Sunday, March 11, 2018

2018.03.11 What Is Heroic?

What is Heroic, Really?

This Lent I fret once again over the Cross of Christ. Was Jesus a hero because he died in crushing agony? The symbol of the cross carries enormous sacred power. And every year I wonder why.

Theological explanations abound—atonement theory, martyrdom, God weeps and suffers with us, Jesus suffers in our stead, suffering is inherently sacred, one death puts an end to the need for sacrificial appeasements to get back right with God, and worst of all, unjust death is satisfactory “ransom” paid to redeem those kidnapped by sin for God’s sake. What?

A line in a movie we just saw leapt out at me: “So I’m a hero because I got my legs blown off?”

Would Jesus cry: “So I’m a hero because I was strapped to a cross and hoisted up to suffocate?”

The movie “Stronger” is about Jeff Bauman who at twenty-seven lost both of his legs to a the bomb explosion at the 2013 Boston Marathon. He was a spectator rooting for his fiancée Erin.  The details of the horrific aftermath were graphic as was the background drama about Bauman’s family struggle with alcohol and his own, his failure to sustain love, his agonizing time in the hospital and rehab, his nightmarish memories of the bomb trauma replayed like torture, his fierce determination to walk again, and finally, his prosthetic legs—awkward but upright.
Bauman became an instant hero, pushed and prodded into public appearances before huge crowds at a Bruins game and throwing the ceremonial first pitch at a Red Sox game, not to mention television interviews and the like. The crowds cheered as did his proud family. The elegiac felt unreal to him— like adding further pain. Bauman resisted the pressure and in the end gave in. Did he believe the naive surety of fans who insisted that the Sox won the Series that year because Bauman threw the first pitch? I don’t know. All I know is that he summoned enough energy to throw that pitch, a gesture he’d practiced. He threw small and hunched from his wheelchair on that field.

He asked: “So I’m a hero because I got my legs blown off?”

To Bauman’s question my answer is NO. There is nothing at all heroic about survival itself. Nor is he a hero for his suffering—inevitable consequence of an unforeseeable unpreventable crime. 

What IS, or was, heroic?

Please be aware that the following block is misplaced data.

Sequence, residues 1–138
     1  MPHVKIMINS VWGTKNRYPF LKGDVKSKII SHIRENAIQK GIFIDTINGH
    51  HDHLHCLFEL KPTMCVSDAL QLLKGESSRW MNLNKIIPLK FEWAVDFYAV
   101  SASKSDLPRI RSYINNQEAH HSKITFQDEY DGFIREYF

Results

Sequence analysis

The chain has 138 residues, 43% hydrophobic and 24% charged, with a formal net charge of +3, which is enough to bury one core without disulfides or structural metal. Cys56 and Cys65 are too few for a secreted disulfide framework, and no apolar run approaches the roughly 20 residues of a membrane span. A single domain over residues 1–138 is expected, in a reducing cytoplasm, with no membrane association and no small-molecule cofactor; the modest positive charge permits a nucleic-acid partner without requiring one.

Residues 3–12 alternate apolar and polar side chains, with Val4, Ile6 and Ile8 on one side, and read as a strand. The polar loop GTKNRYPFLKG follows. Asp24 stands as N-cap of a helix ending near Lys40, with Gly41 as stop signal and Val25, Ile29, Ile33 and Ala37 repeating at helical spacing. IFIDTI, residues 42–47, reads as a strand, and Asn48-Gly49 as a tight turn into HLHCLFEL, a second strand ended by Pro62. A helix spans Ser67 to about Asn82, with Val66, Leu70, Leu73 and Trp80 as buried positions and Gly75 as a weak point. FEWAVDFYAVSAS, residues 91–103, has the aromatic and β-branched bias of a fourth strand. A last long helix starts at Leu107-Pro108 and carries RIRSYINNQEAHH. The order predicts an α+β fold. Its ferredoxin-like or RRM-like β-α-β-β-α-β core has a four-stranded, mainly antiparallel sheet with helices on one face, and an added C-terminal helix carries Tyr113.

-Bauman chose life, day after painful day against almighty odds—physical, emotional, mental and relational.     
     -Bauman’s place of employment, Costco, consistently provided for his well-being with visits, good insurance, and held open his job at the deli counter until he returned to work.
    -Bauman, alert enough to spot the bomber, insisted on an interview with the FBI to help them pursue criminal justice. Then he put his energy into his recovery.
    -Bauman sought out and was befriended by Carlos Arredondo, the man with the cowboy hat, who had run straight into the fiery scene, beat out the fire in Bauman’s shirt, and stayed with him until help came.
    -Bauman and his fiancée Erin weathered the trauma together, including the birth of a daughter, even when their relationship was already irreparably broken and ended in divorce in 2014.
    -Bauman  disliked and resisted the force of public pressure but also complied with their need for hope.
    -Bauman told his story and chose the title for his memoir and for the film. Stronger doesn’t mean being strong; it means growing into strength—becoming stronger and holding onto hope. That’s heroic.

Hope without measure is heroic wherever it is found.

And Jesus? His death was humiliating, cruel, torturous, unjust, the politics of fear and crowd control, and ignominious in body, mind and soul. I can find nothing heroic or noble in it—nothing. When I reverence the empty wooden cross on Good Friday, I reverence the courage of Jesus’s lifelong convictions and the come-lately efforts of his followers, back then and now, to keep his vision alive.

What  IS, or was, heroic?
    -Jesus chose life, day after grueling day, just to heal and sometimes to confront fear.
    -Jesus  ennobled the poor with hope, telling them that God’s  kingdom was alive and potent within them already.
    -Jesus rebuked the political and religious authorities of his day who abused their power and privilege for their own gain.
    -Jesus never called himself divine, or the Christ, or the Son of God—or a hero.
    -Jesus prayed, seeking to deepen his trust of a power greater than himself alone—and to beg for enough courage and strength to stay the deadly course he chose.
    -Jesus rebuked grandiose fantasies in his followers—all of whom, like us, made him a hero for the wrong reasons.
    -Jesus pointed to hope in God—over his dead body. Like sports heroes, Jesus wasn’t a hero or a winner because he got wounded, but because he ran the race.That’s enough.
    -Jesus never said a word from the Cross, regardless of later Gospel embellishments, except maybe a loud raging wail, and Mama.
    -Jesus spawned infinite hope.  So does Bauman.

Hope without measure is heroic wherever it is found.